Growth Trends for Related Jobs

Resume Tips: Best Words and Phrases To Use in A Resume

careertrend article image

A resume is designed to highlight your skills, education and experience. Its purpose is to get you a job interview, during which time you can explain your qualifications in greater detail.

1. Study the Job Announcement

On average, a hiring manager looks at a resume for 6 seconds before deciding whether to read further or give it a pass. Use words and phrases from the job announcement to show how your qualifications meet the employer’s needs.

2. Look at Online Resume Examples

Jobs websites such as Monster, CareerBuilder, JobHero and Indeed have resume tips and examples you can access for free. Study resume phrases for customer service, for example, if you’re applying for a job in that field. Just don’t copy any resume word for word, since hiring managers are usually quite familiar with these websites too.

3. Put Your Contact Information First

Create a heading with your name, phone number and email address. Be consistent with your name in the job search process. You don’t have to use “Elizabeth,” for example, if you always go by “Liz.” If you have a common name, use your middle initial to distinguish yourself.

It’s not necessary to put your street or mailing address on the resume, as an employer is unlikely to contact you that way. Employers will probably call you during regular business hours, so list a phone number where you can be reached during the day. For most people, that’s a mobile phone. Do not use the number of your current employer if you have one. You’re sending the wrong message if you’re looking for work on your boss’s time. Make sure you have a professional email address, or create a separate email account for the job search.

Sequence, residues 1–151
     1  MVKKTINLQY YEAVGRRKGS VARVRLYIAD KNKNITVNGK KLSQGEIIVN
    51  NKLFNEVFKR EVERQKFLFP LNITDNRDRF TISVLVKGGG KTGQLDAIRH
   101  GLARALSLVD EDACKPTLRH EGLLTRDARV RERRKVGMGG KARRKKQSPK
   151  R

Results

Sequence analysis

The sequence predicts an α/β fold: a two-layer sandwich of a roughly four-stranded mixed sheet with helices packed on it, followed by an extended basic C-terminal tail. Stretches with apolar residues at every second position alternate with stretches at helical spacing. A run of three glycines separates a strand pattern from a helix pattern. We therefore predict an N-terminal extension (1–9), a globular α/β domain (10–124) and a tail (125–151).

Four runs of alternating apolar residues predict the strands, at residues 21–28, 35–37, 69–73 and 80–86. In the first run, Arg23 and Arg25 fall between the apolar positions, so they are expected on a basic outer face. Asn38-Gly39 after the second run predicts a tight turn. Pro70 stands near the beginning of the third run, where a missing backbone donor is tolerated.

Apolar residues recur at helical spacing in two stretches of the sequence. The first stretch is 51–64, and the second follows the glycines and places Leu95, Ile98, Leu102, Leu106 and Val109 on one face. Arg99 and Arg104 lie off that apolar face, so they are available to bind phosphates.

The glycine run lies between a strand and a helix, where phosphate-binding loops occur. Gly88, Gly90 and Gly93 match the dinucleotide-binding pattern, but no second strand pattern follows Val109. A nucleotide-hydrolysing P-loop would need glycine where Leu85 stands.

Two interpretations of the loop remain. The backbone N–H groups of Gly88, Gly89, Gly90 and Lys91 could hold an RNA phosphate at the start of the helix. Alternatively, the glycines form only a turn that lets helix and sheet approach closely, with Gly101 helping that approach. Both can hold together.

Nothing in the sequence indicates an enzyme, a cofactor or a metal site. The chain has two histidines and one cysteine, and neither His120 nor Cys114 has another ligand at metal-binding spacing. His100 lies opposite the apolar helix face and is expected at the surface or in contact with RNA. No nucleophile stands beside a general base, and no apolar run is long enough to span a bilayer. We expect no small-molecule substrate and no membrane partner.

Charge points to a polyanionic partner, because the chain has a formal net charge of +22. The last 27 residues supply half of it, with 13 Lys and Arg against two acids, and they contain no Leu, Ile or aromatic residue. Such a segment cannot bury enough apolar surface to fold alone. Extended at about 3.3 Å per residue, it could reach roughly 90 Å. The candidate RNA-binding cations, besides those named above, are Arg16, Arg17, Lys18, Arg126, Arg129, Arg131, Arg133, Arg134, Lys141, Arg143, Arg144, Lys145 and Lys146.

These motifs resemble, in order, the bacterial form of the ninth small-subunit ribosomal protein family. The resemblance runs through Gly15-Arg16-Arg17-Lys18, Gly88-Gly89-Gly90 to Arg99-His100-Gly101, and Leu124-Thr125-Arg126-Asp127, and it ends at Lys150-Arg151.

4. Use Action Words and Phrases

Hiring managers want to know what you can do. When describing your work experience, avoid a weak phrase such as “responsible for.” It only says what you were supposed to do, not what you actually did. The following examples can be applicable to a variety of positions and industries.

  • Communicated effectively
  • Demonstrated ability to multi-task
  • Designated “Employee of the Month”
  • Detail-focused
  • Displayed analytical and problem-solving skills
  • Entered data with consistent accuracy
  • Initiated new ideas
  • Made maximum use of allocated funds
  • Maintained confidentiality
  • Met precise standards
  • Worked well independently and as a team member

5. Demonstrate Achievements

When possible, describe how you made a difference in a previous position. Employers want to know how well you can do the job, which can help them save time and money. For example, you might be able to say:

  • Helped increase customer satisfaction ratings by 15 percent
  • Improved employee retention rates by 20 percent with new training program
  • Reduced paper use by 10 percent
  • Reorganized filing system to improve efficiency

6. Use Resume Phrases for Leadership

Demonstrate leadership potential and experience for phrases such as:

  • Effectively delegated tasks to team members
  • Experienced managing diverse groups of people
  • Evaluated team members and provided feedback
  • Maintained workplace harmony and morale
  • Promoted quality standards
  • Resolved conflicts

7. Include “Soft” Skills

When employers talk about “soft” skills, they are referring to skills that are akin to personality traits. Although soft skills can be developed, many people acquire them through the course of their upbringing and daily lives. They work well as resume phrases for the position of cashier, for example, even if you don’t have any prior work experience. Words that describe such positive attributes on a resume include the following:

  • Dependable
  • Efficient
  • Flexible
  • Friendly
  • Honest
  • Organized
  • Punctual
  • Reliable

8. Be Concise

Avoid padding your resume with too many descriptive words and phrases. Choose the ones that best describe what you have to offer, and you’ll maximize your chances of getting called for an interview.


Denise Dayton is a a freelance writer who specializes in business, education and technology. She has written for, Library Journal, The Searcher, Bureau of Education and Research, and corporate clients.

Photo Credits